William F. Lyon
|Common Name||Scientific Name|
|Horsehair, Cabbagehair, Gordiacea||(Nematomorphora)|
|Gordiid or Gordian Worm|
These active, long, threadlike roundworms resembling the "hair of a horse's tail or mane" are occasionally found in water troughs and domestic water supplies such as bird baths, swimming pools, sinks, bathtubs, toilets, pet dishes, on cabbage plants, and garden soil and in the body cavity of various pests such as grasshoppers, katydids, crickets, beetles, cockroaches, millipedes, centipedes, snails, slugs, etc. These insect parasites do not harm humans, animals or plants.
Horsehair worms are slender (1/25 to 1/16 inch wide), very long (4 to 14 inches) and colored yellowish-tan to brownish-black. The worm is white inside the host's body, turning brown after emergence. They often squirm and twist, knotting themselves into a loose, ball-like shape, resembling the so called "Gordian Knot" in freshwater pools. These worms may be found in masses of 100 or more, especially after a rainfall. In water troughs and puddles, they resemble horsehairs actively moving in the water. Some people still believe that these worms develop from the long, thin hairs of a horse's mane or tail that had fallen into the water trough as a horse drank and later came to life.
Adult worms of both sexes are free-living and do not feed. They live for over 6 months in ponds, mud or moist earth. However, juveniles or immature stages are internal parasites of many insects.
Both male and female adult worms mate in the freshwater and damp soil. The female lays up to several million eggs in fresh water in long strings or slender broken cords that wrap around water plants. Eggs hatch in two weeks to three months, with the 0.01-inch larvae not resembling the adults. Some believe that within 24 hours after hatching, the larvae encyst on vegetation near the water's edge. After the water level drops, the exposed vegetation is eaten by a grasshopper or cricket. The cyst covering dissolves, permitting juvenile worms to bore through the gut wall and into the body cavity of the host. All nutrients are absorbed across the body wall of the worm, as no alimentary system is present.
As larvae develop fully or nearly so (several weeks or months), they break through the body wall of the host (in moist habitats) and become free-living. Other people believe that young worm larvae bore into or are swallowed by immature stages of water-inhabiting insects such as mayflies, dragonflies or beetles. When the pest host emerges from the water as a free-flying adult, the mature horsehair worm breaks out of the body cavity. Grasshoppers or crickets may be a second host if they eat the dead, infested mayfly adults. It appears that the pest host must first come in contact with water to enable horsehair worms to escape the body cavity.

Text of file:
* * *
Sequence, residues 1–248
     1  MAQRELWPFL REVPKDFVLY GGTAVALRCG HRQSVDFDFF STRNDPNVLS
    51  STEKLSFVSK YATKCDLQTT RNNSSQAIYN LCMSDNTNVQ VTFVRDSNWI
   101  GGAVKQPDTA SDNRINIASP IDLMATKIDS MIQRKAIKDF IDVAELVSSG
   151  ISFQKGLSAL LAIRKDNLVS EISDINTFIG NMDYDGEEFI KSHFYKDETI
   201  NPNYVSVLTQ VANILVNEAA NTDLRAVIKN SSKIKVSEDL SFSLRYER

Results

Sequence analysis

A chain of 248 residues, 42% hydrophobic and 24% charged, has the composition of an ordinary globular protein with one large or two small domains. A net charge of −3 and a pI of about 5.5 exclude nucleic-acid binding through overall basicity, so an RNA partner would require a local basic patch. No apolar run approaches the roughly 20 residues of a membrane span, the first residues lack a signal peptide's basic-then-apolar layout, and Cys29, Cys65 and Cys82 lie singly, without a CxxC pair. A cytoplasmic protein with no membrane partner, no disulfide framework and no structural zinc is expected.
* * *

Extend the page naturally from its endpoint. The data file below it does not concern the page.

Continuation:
Horsehair worms are sometimes seen after crushing pests (crickets, millipedes, centipedes, etc.), which have invaded the house. When crushed, worms are released and crawl indoors. Some are found in toilets where infested pests have been discarded, in pet dishes, where an infested cricket has crawled or in gardens on vegetable plants. Humans sometimes fear worms may have come from a household pet or child, when found indoors. Fears are not warranted since horsehair worms can only parasitize suitable insect hosts.
No control measures are recommended as horsehair worms do not injure humans, animals or plants (cause no economic damage). Instead, they are considered beneficial since they kill many harmful pests such as grasshoppers, crickets, cockroaches, beetles, millipedes, centipedes, snails, slugs, etc.
Control of horsehair worms in natural water is impractical. However, one can install a fine mesh filter or screen to keep out tangled masses of worms from water pumped from a surface supply such as a farm pond or canal. Should the homeowner find nuisance worms in the wash water, bathtub and sinks; domestic water supply systems can be filtered and chemically treated under supervision of the local health department. Remove and discard individual worms. Prevent nuisance insects, such as crickets, from entering the house by caulking or sealing entry sites. If an infested cricket dies on a shower floor or is killed and thrown into a toilet, the horsehair worm will escape from the cricket's body. (This is just another wonder of Mother Nature.) Livestock water troughs can be kept free of horsehair worms by routine flushing.
An insecticide barrier around the house foundation might be helpful to kill any arthropod pests infested with these worms, if large numbers of horsehair worms occur.
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Keith L. Smith, Associate Vice President for Ag. Adm. and Director, OSU Extension.
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